$3.3M grant will help reduce lead risks in Southeastern Minnesota homes

A $3.3 million grant will help Minnesota reduce lead and other health hazards in homes. State officials will be working with local organizations in Houston, Winona, Fillmore and other counties to get rid of hazards in area homes.

Counties in southeastern Minnesota have seen higher rates of elevated blood lead levels in children, according to the Minnesota Department of Health. Factors that have contributed to the higher-than-average rates include a high percentage of older homes with lead-based paint, high proportion of low-income families and shortage of new housing, according to a department press release. Families may not be able to afford to maintain or rehabilitate their homes, which could expose children to lead dust.

Over the next three-and-a-half years, they hope to help not only the families that have been impacted by lead but also those that are at risk.

Exposure to lead or lead poisoning symptoms can often be vague. It could include irritability in young children.

“Most commonly you’ll see nausea, [gastrointestinal] upset, diarrhea, abdominal pain,” said Dr. Chris Smith, who practices family medicine at Mayo Clinic Health System.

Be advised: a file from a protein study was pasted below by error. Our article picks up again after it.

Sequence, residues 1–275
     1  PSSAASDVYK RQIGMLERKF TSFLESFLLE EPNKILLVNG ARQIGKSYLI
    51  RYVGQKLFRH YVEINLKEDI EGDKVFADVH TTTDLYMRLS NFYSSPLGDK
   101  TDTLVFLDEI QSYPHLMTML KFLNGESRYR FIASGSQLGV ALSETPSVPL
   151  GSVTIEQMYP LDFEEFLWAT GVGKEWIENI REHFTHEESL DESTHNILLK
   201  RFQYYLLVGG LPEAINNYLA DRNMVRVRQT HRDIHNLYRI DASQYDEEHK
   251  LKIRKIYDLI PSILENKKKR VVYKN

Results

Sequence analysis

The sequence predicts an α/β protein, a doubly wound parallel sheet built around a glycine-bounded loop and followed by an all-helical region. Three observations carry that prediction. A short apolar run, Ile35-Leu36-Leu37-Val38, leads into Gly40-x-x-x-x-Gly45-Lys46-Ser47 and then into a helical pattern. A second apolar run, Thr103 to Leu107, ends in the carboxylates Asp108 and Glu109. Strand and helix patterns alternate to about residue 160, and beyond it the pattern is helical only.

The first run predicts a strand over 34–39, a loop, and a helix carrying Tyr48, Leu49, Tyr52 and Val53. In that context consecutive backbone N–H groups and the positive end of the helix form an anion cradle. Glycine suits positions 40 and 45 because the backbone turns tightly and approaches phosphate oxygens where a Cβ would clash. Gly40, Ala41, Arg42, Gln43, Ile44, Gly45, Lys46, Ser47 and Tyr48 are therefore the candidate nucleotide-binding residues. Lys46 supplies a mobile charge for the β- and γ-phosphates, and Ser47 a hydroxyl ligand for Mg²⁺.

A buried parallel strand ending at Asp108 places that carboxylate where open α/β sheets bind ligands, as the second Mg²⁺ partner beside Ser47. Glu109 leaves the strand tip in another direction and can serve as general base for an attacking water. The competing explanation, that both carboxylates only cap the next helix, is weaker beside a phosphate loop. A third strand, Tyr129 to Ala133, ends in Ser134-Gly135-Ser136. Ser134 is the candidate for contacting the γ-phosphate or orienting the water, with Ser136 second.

In more severe cases, Dr. Smith said you might start to notice a child isn’t reaching certain mental milestones.

“In my professional experience, I haven’t seen any drastic lead poisonings. Usually, we do catch them mostly in the screening phases at one or two years of life,” Smith said.

If there is a concern, families can bring their child in for a blood poke test. The Minnesota Department of Public Health gathers that information and works with local officials to help people address lead hazards.

“We do see quite a few cases of elevated blood lead levels in kids in Southeastern Minnesota,” said Stephanie Yendell, supervisor for the MDH’s Health Risk Intervention Unit.

With this grant from the U.S. Department of Housing and Urban Development, officials will prioritize funds to address homes where the department already knows kids have been exposed to the toxic metal.

“But then we’re also using funds to help families who have kids that haven’t yet been exposed to lead but have lead hazards in their homes that could become a problem,” Yendell said.

Officials will assess each property that gets enrolled in the grant to see if they need things like new siding or porches to get rid of the threat of lead. They’ll be able to make repairs to single-family homes or apartments.

“We’re more likely to find lead paint that’s breaking down on windows, so we’ll need to replace windows,” Yendell said.

While the department has done a lot of work to reduce rates of elevated blood lead levels, Yendell said they’re excited to bring additional resources to the part of the state.

“There’s still a lot more work that we need to do,” Yendell said.

As part of the grant, the departments want to train more contractors to increase the number of local contractors that can work with lead.

The funds will allow for work in 151 housing units over three-and-a-half years. That includes at least 31 housing units in the city of Rochester.

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